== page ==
- Tax Law.
How was this was reported on everyone’s taxes. Did Cohen report it as an expense? What kind? Declaring a tax deduction for an illegal enterprise is illegal.
How This Can Implicate The President.
One word, conspiracy. If Trump conspired with Cohen to dodge campaign finance law, and/or money launder, and/or obstruct justice or witness tamper, and/or commit tax fraud, then the President is implicated. This is totally separate from the Russia investigation. There are now two independent investigations that may criminally implicate the President.
Yes, we don’t currently know any of that. However, the claim that Trump did not know of the Hush Agreement is implausible for many reasons.
In terms of the attorney/client privilege, it does not exist if the attorney and his client are engaged together in a crime. It’s called the attorney/client crime exception. Criminal enterprises are not privileged.
Other Issues: Does This Finally Prompt Trump To Fire Mueller?
Trump has already declared the search warrants part of Mueller’s “witch hunt.” Trump called the search warrants a “disgraceful situation” and “attack on our country.” He again attacked his own Attorney General, Jeff Sessions, for recusing himself from an investigation that Sessions himself was a potential target of.
Trump’s attacks on Mueller are off target. As discussed above, Mueller divorced himself, and his investigation, from these search warrants. The United States Attorney who sought and secured the warrant is a Republican who was appointed by Trump and who donated to Trump’s campaign. This is a completely separate investigation, outside of the Special Counsel, and in normal Department of Justice channels. A judge, independent from the judges involved in warrants for Mueller’s investigation, signed off on the extraordinary warrants for Cohens’ attorney offices.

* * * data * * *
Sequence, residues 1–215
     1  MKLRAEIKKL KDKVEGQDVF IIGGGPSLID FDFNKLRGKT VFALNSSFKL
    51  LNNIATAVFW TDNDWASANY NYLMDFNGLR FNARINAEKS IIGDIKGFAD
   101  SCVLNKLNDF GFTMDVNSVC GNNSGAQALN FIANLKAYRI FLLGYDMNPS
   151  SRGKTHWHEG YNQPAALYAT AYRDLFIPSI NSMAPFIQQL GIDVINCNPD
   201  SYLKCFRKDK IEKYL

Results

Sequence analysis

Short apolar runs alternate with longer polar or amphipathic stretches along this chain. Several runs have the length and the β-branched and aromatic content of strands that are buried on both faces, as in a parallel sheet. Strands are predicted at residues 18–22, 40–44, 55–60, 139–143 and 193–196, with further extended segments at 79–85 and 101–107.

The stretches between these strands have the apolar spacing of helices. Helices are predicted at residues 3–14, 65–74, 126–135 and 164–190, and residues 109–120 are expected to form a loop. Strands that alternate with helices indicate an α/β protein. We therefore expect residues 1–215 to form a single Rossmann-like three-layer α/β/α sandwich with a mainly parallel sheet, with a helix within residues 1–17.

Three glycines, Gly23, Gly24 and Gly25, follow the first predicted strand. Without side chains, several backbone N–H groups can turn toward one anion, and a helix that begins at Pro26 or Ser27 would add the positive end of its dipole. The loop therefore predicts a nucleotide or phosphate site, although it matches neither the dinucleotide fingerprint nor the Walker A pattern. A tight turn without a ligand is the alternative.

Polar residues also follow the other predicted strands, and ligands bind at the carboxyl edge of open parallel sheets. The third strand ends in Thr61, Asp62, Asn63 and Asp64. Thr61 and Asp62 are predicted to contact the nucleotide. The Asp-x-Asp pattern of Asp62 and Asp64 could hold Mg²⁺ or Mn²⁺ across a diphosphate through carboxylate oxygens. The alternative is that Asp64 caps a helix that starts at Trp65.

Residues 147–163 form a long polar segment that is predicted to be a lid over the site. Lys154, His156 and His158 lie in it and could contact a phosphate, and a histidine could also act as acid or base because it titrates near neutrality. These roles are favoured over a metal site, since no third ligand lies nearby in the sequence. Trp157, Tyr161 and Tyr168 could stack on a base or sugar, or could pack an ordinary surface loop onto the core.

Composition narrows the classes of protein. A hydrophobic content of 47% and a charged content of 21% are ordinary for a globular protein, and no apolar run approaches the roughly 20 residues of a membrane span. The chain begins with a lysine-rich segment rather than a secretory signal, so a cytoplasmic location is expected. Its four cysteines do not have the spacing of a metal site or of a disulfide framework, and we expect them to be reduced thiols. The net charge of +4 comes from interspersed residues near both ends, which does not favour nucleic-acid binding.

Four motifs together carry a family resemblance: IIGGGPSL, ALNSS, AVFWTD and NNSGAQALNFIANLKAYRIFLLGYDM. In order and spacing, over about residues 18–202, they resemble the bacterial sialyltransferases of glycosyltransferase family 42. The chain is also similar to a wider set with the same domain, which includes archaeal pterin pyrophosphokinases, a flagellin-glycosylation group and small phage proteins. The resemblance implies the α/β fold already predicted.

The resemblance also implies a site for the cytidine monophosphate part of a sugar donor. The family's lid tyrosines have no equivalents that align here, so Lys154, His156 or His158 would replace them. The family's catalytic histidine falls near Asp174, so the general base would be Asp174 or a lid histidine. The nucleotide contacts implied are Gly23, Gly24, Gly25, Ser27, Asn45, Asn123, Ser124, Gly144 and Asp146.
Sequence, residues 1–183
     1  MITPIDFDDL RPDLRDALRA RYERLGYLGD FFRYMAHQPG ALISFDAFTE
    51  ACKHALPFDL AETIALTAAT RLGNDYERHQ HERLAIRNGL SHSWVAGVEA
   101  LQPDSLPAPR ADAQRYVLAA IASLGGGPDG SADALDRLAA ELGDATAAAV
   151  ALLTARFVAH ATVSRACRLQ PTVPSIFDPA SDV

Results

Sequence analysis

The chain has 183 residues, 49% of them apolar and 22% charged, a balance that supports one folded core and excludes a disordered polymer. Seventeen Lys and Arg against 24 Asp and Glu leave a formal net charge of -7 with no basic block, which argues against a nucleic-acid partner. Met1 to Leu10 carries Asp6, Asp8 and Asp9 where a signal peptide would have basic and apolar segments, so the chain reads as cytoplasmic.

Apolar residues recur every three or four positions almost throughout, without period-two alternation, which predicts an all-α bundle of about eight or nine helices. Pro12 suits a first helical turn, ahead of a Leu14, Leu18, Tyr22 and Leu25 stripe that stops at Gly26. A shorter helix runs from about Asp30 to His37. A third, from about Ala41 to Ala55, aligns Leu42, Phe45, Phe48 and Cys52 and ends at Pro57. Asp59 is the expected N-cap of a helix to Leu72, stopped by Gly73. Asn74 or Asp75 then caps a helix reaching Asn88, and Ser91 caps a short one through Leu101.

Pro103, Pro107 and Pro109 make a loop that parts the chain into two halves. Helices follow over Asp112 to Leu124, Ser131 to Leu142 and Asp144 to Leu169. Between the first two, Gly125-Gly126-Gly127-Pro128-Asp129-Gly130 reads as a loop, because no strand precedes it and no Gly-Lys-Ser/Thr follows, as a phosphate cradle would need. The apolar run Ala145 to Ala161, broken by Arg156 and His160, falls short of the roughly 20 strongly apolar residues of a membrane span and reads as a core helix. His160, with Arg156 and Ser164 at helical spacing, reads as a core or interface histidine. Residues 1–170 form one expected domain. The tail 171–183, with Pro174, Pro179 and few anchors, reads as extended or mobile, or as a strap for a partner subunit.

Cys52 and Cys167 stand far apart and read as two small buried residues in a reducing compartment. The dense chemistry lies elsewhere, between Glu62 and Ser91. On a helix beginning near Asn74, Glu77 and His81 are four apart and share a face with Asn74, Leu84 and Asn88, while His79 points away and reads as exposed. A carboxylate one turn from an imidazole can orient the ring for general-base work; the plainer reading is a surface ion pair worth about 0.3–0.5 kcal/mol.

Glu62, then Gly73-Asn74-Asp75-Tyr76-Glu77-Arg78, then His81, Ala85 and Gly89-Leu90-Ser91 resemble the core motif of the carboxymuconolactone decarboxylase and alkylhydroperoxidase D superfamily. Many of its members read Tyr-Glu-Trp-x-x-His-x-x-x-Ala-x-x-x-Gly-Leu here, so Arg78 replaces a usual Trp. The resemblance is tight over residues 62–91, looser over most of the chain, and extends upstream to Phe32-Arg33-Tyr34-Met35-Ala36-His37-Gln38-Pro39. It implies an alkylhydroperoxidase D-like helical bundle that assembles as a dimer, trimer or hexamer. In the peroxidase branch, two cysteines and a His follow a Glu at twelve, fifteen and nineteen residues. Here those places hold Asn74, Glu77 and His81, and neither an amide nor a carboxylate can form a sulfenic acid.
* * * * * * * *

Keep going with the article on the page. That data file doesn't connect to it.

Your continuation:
While Trump’s attacks on Mueller are factually infirm, he has nonetheless taken that approach. Will this produce a Trump version of Nixon’s “Saturday Night Massacre”? Trump’s tweets the following morning do nothing to reduce such concerns.
Another possibility is that Trump could preempt any prosecution of Cohen by pardoning him.
Other Issues: Impact On The Stormy Daniels Lawsuit.
- Plus For Daniels, Hush Agreement Was For An Illegal Purpose.
Contracts that violate public policy are void. You now have a judge signing probable cause warrants suggesting exactly that. Michael Avenatti, Daniels’ attorney, is already celebrating that point.
- Plus For Daniels, The Government Is Conducting Your Discovery.
The only thing better than your own discovery, comparatively lame civil subpoenas called “Requests for Production,” is government FBI agents (with guns and everything) going in and just seizing stuff. As an attorney in a civil case you can’t do that. Getting it from the government may be an issue for Avenatti, but to the extent the government is going to use it, it has to be released.
- Minus For Daniels, No Deposition Of Cohen.
Earlier the same day of the search warrants Avenatti renewed his motion to depose Cohen and Trump. Michael Cohen is now clearly a target of a criminal investigation. If deposed he will invoke the 5th Amendment and not answer any questions. If the President claims the same privilege, things could get interesting in Washington D.C.